The big hit with V3.co.uk readers this week was our list of the top 10 Great Britons in IT history, which was inspired by a comment on a previous list suggesting that we weren't being sufficiently patriotic in our admiration of the world's IT heroes.
Security stories were popular, as ever, particularly scientists promising an end to web attacks, Microsoft's Patch Tuesday update, the latest critical vulnerabilities, and an ethical hacker offering a WPA cloud-based cracking service.
Readers were also keen to learn about Seagate's entry into the solid state drive business, an academic's view of bloatware, Samsung's new Bada mobile platform and a review of HTC's HD2 smartphone.
10 Great Britons in IT history
The UK's information technology giants
enters SSD market
Pulsar is the firm's first enterprise solid state drive offering, but won't be the last
promise an end to web attacks
New technology could make cyber attacks 'computationally impossible'
Down with bloatware!
It's high time users demanded less, not more, advises Dr Tim Watson of De Montfort University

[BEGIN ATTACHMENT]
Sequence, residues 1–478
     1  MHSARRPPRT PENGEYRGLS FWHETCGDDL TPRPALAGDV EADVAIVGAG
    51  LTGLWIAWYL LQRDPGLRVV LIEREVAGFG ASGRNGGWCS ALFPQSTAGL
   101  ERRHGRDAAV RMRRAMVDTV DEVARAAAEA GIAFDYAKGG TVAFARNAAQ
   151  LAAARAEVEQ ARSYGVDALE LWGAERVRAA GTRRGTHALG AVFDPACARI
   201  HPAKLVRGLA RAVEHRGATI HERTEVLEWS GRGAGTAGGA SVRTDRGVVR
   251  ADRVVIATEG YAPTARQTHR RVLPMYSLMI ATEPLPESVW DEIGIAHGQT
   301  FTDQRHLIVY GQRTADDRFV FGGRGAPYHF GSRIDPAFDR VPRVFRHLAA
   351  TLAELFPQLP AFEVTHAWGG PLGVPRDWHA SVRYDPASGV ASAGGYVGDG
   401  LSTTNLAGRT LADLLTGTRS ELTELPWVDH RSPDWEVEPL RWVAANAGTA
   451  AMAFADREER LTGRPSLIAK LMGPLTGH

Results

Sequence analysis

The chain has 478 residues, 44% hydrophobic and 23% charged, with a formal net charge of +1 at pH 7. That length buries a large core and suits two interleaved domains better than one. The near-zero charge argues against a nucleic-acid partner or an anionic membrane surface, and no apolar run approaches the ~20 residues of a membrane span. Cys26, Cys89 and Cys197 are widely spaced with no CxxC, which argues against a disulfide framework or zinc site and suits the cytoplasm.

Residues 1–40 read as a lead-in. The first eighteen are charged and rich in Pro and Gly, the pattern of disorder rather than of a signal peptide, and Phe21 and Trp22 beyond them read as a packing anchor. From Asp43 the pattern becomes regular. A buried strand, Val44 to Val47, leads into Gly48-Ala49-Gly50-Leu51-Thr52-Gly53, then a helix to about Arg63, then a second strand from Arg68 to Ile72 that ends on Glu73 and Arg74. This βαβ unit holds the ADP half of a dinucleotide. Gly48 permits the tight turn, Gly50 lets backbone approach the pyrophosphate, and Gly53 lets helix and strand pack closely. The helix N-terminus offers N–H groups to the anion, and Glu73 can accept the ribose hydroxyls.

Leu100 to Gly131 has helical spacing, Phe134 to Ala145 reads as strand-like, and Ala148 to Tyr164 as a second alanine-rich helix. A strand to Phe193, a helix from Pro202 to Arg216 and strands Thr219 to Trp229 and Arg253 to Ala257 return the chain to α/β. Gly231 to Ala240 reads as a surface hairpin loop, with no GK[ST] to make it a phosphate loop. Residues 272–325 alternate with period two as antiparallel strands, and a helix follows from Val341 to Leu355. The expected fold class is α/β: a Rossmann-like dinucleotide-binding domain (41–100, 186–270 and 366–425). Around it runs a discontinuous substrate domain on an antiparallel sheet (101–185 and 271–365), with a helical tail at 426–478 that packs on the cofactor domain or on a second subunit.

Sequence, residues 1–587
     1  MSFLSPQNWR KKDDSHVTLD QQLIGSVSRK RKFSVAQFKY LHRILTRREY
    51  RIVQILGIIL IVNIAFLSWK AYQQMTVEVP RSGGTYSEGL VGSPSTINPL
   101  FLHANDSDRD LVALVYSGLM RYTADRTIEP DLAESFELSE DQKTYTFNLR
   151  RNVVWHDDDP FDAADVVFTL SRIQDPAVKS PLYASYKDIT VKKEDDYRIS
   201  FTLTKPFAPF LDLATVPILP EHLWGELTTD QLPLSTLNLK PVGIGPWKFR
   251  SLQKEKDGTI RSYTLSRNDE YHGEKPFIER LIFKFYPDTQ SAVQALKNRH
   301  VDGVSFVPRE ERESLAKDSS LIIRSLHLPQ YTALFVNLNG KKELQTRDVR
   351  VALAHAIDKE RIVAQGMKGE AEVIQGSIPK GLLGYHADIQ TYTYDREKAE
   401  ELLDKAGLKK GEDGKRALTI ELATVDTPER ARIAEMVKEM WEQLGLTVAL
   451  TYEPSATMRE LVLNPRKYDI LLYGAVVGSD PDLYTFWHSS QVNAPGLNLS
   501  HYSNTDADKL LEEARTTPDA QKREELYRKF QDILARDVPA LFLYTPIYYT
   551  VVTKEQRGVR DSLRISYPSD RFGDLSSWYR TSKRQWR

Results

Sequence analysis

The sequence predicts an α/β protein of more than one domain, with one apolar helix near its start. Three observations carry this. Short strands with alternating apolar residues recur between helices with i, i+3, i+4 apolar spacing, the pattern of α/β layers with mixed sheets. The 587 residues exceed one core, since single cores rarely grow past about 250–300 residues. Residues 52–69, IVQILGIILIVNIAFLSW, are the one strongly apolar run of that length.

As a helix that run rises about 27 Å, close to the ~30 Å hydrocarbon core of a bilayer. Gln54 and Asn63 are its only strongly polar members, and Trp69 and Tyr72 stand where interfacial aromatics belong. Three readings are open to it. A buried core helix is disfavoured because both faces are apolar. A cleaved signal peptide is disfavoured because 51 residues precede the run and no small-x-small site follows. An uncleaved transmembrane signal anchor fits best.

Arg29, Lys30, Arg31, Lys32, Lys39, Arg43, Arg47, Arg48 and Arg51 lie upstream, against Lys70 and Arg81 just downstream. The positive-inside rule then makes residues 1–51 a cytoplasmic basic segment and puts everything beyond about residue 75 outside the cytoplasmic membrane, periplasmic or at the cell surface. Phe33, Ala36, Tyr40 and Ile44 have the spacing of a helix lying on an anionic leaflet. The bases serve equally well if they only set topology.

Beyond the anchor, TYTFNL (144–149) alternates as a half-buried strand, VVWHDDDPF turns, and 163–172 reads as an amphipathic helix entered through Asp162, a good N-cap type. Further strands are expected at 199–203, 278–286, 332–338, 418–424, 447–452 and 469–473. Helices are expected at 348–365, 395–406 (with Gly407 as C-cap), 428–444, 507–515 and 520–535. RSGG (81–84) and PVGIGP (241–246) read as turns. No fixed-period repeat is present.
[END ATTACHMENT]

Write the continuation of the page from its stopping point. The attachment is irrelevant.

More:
plans six updates for December
Total of 12 fixes slated for Patch Tuesday
Bada aims to deliver smartphones for everyone
First handset with the new touch-based platform coming in early 2010
Technology extends email to iPhone and Android
Users want business email on device of their choice
urged to apply Microsoft and Adobe patches
Vulnerabilities could cripple critical systems
HTC HD2 smartphone
The HD2 adds a large touch-screen and slick user interface to Windows Mobile 6.5
hacker starts WPA cloud cracking service
Cloud cluster will check passwords using dictionary attack
Cotton seedling freezes to death as Chang'e-4 shuts down for the Moon's 14-day lunar night
Fortnite easily out-earns PUBG, Assassin's Creed Odyssey and Red Dead Redemption 2 in 2018
Meteor showers as a service will be visible for about 100 kilometres in all directions
Saturn's rings only formed in the past 100 million years, suggests analysis of Cassini space probe data
New findings contradict conventional belief that Saturn's rings were formed along with the planet about 4.5 billion years ago